Seasonal Allergies - Drowsy Driving Equals Dangerous Driving

Drowsy Construction Worker Rubs Eyes

So, allergy season has been in full bloom for a time and many of us can probably write a note in the pollen on our vehicles.  More than 50 million Americans suffer from seasonal allergies.  Most are at their worst in the spring, but other times of the year can be problematic depending upon where you live and what the allergen is.  Regardless, they can not only be an annoyance, but a real safety issue.

Your body reacts to contact with pollen by producing chemicals called histamines.  Histamines cause the tissue in your nose to swell, your eyes and nose to run, makes your eyes itch, and in some cases causes skin rashes.  We respond by searching out antihistamine medications that counteract the effect of histamines, helping relieve allergies, including hay fever.

In addition to pollen-related allergies, many of us deal with other types of allergies - such as food and pet dander.  These allergies can present serious issues any time of year in any climate.  In many cases antihistamines are also used to treat these conditions.

But antihistamines can affect your ability to focus by making you feel drowsy.  Some antihistamines take longer to work than others, and while you might feel fine just after taking them, the sedating effects can last for some time.

It’s also important to avoid alcohol consumption, sedatives (sleep medications), or tranquilizers while taking most antihistamines.  Impaired driving doesn’t just refer to alcohol.  Many medications, including some allergy medicines, can have side effects that make driving unsafe.  Be sure to read the directions for use and the warnings listed in the Drug Facts Label on the package if you plan to hit the road.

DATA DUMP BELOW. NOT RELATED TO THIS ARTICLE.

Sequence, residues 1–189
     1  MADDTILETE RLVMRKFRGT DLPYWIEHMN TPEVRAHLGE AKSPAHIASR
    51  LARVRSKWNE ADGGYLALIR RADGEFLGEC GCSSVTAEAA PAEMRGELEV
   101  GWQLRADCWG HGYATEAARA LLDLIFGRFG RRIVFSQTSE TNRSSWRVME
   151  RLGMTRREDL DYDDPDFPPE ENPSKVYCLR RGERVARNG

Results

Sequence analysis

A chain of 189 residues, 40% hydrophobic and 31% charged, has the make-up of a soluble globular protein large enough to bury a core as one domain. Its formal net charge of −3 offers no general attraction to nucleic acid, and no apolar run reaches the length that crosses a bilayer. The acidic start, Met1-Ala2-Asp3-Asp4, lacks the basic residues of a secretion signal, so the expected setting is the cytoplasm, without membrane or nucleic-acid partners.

What's an employer to do to ensure workers taking medications are not being endangered?  While there may be legal issues around discussion of medications, you may wish to encourage workers to:

  1. Voluntarily notify their supervisor or dispatcher when they are taking either prescription or non-prescription medications.
  2. Ask their healthcare provider or pharmacist about the medicines they should take so they can be directed to the medicines that won't make them sleepy and don't cause the same side effects.
  3. Read the warnings on all medicines.
  4. Follow the directions on the package.
  5. Check with their pharmacist to see if medications like antihistamines will react with any other medications they are taking.

It's important for workers to be sharp and focused while driving, operating machinery, or even working with computers.  The effects of these medicines can make these activities troublesome and even hazardous.  This education is an important area that can save lives, minimize medication interactions, and promote the well-being of your workers.  For more on this topic, check out these additional tips from the Mayo Clinic and Yale University

By Daniel Clark